First-ever EU-wide cyber-security rules backed by Internal Market Committee
Firms supplying essential services, e.g. for energy, transport, banking and health, or digital ones, such as search engines and cloud computing, will have to take action to improve their ability to withstand cyber-attacks under new rules approved by Internal Market MEPs on Thursday. These rules, informally agreed by MEPs and Council negotiators on 7 December, were approved by 34 votes to 2. They now need to be endorsed by the Council and the full Parliament.
The new directive for a high common level of security of network and information systems (NIS) across the Union aims to end the current fragmentation of 28 national cybersecurity systems, by listing sectors in which critical service companies will have to ensure that they are robust enough to resist cyber-attacks. These will also be required to report serious security breaches to national authorities.
"Parliament has pushed hard for a harmonised identification of critical operators in energy, transport, health or banking fields, which will have to fulfil security measures and notify significant cyber incidents. Member states will also have to cooperate more on cybersecurity – which is even more important in light of the current security situation in Europe", said rapporteur Andreas Schwab (EPP, DE), after a deal was reached last month on the NIS directive.
EU countries to list “essential service” firms
EU member states will have to identify concrete "operators of essential services" in these fields, using set criteria: whether the service is critical for society and the economy, whether it depends on network and information systems and whether an incident could have significant disruptive effects on service provision or public safety.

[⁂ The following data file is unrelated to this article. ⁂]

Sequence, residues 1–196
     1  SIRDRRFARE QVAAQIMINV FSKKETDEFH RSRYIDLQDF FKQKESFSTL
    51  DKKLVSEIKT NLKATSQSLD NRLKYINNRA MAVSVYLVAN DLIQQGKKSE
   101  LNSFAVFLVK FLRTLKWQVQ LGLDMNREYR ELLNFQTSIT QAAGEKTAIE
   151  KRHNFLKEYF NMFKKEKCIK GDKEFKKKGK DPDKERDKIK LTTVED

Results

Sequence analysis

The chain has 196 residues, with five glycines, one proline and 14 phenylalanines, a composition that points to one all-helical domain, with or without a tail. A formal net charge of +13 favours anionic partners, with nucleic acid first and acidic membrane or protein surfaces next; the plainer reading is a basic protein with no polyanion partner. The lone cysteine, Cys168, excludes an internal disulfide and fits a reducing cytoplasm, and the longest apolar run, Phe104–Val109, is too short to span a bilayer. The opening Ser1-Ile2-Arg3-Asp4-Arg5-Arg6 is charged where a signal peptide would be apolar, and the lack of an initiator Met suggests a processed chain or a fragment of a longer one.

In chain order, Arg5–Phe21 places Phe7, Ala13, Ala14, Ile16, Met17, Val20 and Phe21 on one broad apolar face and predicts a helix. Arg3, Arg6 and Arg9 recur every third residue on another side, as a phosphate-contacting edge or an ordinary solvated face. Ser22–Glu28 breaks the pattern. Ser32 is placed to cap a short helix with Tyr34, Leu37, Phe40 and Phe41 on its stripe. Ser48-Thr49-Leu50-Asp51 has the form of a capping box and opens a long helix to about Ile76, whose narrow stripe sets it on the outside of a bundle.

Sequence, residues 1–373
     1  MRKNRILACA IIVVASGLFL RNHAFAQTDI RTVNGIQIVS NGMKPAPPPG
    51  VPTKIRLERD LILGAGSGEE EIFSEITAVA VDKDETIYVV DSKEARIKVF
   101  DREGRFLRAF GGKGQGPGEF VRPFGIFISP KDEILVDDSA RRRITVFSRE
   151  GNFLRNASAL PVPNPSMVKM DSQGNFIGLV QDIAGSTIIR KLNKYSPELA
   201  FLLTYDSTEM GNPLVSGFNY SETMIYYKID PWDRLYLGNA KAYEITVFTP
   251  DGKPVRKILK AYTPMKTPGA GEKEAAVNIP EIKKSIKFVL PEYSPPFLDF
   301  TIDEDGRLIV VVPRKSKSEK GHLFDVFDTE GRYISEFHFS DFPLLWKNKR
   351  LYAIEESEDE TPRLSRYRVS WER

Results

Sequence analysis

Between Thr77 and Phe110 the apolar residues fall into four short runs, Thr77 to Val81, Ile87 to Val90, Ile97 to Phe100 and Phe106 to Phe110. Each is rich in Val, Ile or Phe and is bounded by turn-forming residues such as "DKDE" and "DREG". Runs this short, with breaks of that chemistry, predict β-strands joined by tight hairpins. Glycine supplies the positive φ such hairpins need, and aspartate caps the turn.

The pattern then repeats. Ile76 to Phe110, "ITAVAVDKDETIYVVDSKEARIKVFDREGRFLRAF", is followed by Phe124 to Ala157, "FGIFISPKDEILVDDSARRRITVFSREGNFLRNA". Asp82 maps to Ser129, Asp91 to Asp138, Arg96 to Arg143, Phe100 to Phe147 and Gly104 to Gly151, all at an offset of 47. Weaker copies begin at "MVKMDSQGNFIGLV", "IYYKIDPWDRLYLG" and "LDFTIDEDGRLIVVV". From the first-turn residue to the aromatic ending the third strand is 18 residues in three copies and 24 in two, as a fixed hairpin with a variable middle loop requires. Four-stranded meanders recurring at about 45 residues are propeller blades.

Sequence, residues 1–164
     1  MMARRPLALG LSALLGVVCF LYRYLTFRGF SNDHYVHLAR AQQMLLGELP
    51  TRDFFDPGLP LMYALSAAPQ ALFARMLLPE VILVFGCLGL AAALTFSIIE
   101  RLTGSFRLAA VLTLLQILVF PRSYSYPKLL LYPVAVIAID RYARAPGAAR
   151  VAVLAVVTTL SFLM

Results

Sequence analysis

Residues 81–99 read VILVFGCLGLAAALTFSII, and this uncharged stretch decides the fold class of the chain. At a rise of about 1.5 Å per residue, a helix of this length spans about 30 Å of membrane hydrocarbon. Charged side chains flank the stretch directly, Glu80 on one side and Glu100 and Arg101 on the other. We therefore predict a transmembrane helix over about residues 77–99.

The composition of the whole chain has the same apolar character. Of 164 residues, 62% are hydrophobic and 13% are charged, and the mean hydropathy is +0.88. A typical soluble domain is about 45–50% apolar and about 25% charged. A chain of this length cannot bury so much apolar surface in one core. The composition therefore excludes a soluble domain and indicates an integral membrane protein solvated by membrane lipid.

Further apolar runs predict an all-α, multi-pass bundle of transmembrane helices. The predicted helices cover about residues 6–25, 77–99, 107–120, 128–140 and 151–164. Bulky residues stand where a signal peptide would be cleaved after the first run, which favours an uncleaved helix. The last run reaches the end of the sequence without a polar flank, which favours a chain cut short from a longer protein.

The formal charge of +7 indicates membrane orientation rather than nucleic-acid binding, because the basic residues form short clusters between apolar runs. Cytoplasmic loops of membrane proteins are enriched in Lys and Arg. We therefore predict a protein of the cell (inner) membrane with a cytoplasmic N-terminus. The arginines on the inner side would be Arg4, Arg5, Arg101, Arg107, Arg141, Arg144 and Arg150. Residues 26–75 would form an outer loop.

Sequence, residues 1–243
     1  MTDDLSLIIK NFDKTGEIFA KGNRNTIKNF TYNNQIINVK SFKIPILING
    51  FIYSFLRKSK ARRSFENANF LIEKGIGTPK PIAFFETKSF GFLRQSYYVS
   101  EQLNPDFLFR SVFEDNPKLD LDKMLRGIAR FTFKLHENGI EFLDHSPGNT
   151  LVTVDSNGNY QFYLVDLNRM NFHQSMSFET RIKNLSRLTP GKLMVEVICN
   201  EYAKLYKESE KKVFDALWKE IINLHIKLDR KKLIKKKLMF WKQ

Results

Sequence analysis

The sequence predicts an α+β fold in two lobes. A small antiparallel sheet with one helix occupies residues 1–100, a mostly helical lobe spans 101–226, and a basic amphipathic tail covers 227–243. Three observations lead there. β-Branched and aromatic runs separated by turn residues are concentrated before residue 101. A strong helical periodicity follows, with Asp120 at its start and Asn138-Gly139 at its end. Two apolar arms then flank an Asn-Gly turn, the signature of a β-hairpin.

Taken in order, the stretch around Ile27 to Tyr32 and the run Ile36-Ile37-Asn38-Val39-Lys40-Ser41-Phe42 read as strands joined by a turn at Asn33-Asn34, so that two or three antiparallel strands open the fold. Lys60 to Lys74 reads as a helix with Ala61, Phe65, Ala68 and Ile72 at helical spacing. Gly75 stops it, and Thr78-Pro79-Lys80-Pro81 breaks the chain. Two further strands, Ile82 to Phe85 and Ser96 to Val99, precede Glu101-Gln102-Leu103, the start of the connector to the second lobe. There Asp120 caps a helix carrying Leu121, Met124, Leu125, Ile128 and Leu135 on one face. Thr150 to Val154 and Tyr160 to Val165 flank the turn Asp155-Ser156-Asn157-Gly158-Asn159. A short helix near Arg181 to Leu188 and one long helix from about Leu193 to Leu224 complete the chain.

Some digital service providers, such as online marketplaces (e.g. eBay, Amazon), search engines (e.g. Google) and clouds, will also have to take measures to ensure the safety of their infrastructure and will have to report major incidents to national authorities. Micro and small digital companies will be excluded from the scope of the directive.
EU-wide cooperation mechanisms
To ensure a high level of security across the EU and to build trust and confidence among EU member states, the draft rules provide for a strategic "cooperation group" to exchange information and best practices, draw up guidelines and assist member states in cybersecurity capacity-building. Each EU country will be required to adopt a national NIS strategy.
Each EU member state will also have to set up a network of Computer Security Incident Response Teams (CSIRTs), to handle incidents and risks, discuss cross-border security issues and identify coordinated responses. The European Network and Information Security Agency (ENISA) will also play a key role in implementing the directive, particularly in relation to cooperation.
The need to respect data protection rules is reiterated throughout the text.
The draft NIS directive will now be checked by lawyer-linguists before being endorsed by both Council and the full Parliament. It will then be published in the EU Official Journal and will enter into force on the twentieth day after publication. Member states will then have 21 months to transpose the directive into their national laws and six additional months to identify operators of essential services.
Note to editors
Information systems, essential networks and services, such as online banking, electricity grids or airport control, can be affected by security incidents caused by human mistakes, technical failures or malicious attacks. These incidents result in annual losses of €260 - €340 billion, ENISA estimates. The EU currently has no common approach on cyber-security and reporting.
In the chair: Vicky Ford (ECR, UK)